One thing I learned when I was touring India, is that different cultures have different ways of handling casual encounters.
Western societies, including Australia, tend to be kind of ‘bold’ if you’ll excuse me. (It’s okay with me. I’m used to it and rather like this boldness and directness!) But other cultures find that boldness kind of threatening and aggressive.
I was in a shop in Agra, near the Taj Mahal, buying some souvenirs for my grandchildren. Like you I was fingering some fabric and haggling with the shopkeeper, but I didn’t look at him directly. Many Muslim societies don’t look one another directly in the eye. They think it’s kind of aggressive. Me, I was just examining the material and talking about how much I wanted to pay for it. At the end of the negotiation, the shopkeeper handed me a small glass of tea and asked which part of India I came from.
I was shocked! My Hindi is not very good. I’d assumed he’d know I was from the west and jack up the prices accordingly. Since I’d gotten the price I wanted I told him honestly that I was from ‘outside’. He was surprised and I realized it was because of my mannerisms of not looking directly at him.
Spoke to another Indian who goes back often and they can always tell she’s from outside. And yup, she looks them right in the eye!
So there’s that.
Also remember that people who’ve been colonized will look at white skin as ‘authoritative’. It’s weird, I know, but it’s there. Who knows what sort of dealings they’ve had with other white people that made them so scared of you.
Perhaps what you should have done is not look her in the eye and not look her husband in the eye. But honestly, there’s no harm done, and in the end you don’t owe anyone anything but civility, which you obviously displayed.
Coming from different cultures we will often rub up against each other the wrong way. It’s a good idea to develop a really thick skin and not take anything too personally.
But last night, when I was thinking more about it, I thought wait a minute. I think as we become more and more open to each others’ cultures, we just have to account for the fact that we will meet rude people.
And that is a right that people of color have. That is, they have the right to be jerks.
It’s kind of like that twitter conversation that was out there telling women to smile. Yeah, but what if women don’t feel like smiling??? And then there was that hashtag trending about women smiling.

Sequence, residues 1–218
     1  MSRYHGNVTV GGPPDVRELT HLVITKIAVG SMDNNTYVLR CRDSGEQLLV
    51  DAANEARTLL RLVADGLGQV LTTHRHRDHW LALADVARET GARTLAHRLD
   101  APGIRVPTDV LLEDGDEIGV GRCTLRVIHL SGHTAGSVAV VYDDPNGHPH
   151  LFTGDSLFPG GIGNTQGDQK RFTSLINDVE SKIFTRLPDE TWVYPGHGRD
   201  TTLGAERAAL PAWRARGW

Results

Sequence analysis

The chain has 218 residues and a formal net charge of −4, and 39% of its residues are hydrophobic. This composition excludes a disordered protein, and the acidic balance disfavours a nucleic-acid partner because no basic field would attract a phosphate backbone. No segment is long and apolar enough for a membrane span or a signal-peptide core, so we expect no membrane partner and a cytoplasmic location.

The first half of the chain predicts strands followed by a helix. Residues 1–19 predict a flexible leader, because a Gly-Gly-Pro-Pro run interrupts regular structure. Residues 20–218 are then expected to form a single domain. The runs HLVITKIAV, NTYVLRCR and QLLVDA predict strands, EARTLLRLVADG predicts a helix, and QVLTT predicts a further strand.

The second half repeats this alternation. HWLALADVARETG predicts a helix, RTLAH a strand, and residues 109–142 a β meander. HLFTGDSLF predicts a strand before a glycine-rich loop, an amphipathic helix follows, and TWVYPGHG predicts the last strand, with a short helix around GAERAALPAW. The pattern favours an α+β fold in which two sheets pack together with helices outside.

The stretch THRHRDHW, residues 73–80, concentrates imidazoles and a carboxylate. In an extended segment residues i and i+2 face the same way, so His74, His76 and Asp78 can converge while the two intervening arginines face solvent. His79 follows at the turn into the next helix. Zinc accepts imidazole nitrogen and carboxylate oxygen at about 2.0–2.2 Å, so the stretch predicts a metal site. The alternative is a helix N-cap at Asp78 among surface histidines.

If the guy glared at her, so what?
It’s not like he did anything physical. And maybe he and his wife, just weren’t in the mood to speak to her. Or maybe they were tired, or whatever.
Nobody owes anyone any sort of cheery disposition. We have no idea what other people have been through.
And basically we need to not take anything personally.
It sure is nice when people are friendly, but if they’re not, shrug it off, and go on your way.
I know, easier said than done at times. But still…
I have a personal motto of trying not to take things personally. It helps keep me humble.
I often tell myself, “Everything isn’t always about you. Get over yourself.”
Last night I was shocked to hear about the attack at the masjid in Quebec city.
Apparently two gunmen went into a masjid during Isha prayers (around 8 pm) and opened fire using automatic weapons.
So far six people have died. Others are still in critical condition.
And this happened after a weekend of protests at airports all over America because Trump banned Muslims from the country and many were stuck in limbo or being deported.
It’s chaos right now.
This morning an old friend emailed me.
He’s a singer and songwriter and he’s worked on programs that promote peace and tolerance in schools for decades!
I worked with him probably about fifteen years ago. There were the three of us, him and a playwright and me, an author, and we were trying to create a play that schools could put on during the winter holiday season as an alternative to the standard Christmas pageant that would be inclusive of all faiths and cultures.
We worked for weeks at a very progressive school downtown!
I must say I learned so very much from both of them.
We ended up putting on a play, but in the end the project itself kind of fizzled. I explained to them that there’s nothing seasonal about Muslim holidays. They really do travel throughout the year and aren’t associated with winter at all.
But…out intentions were good!
Here were two white men, you could say the epitome of white privilege, working as hard as you possibly can, to better society and make a difference among the next generation of young people.
They were sensitive. They were caring. And they accepted me as one of them, completely and without prejudice. And it was the first time in my life that had ever happened.
It would not be the last.
Come to think of it, I’ve almost accepted it as ‘normal’ to be accepted by white men or anyone really. And I wonder if these two friends of mine aren’t the reason for it.
The fact that one was from a Christian background and the other a Jewish background and me a Muslim was seen as a strength, not a liability.
And this morning my Jewish friend reached out to me in solidarity because he was thinking of me.
It brings tears to my eyes just thinking of it!
The compassion. The sweet understanding!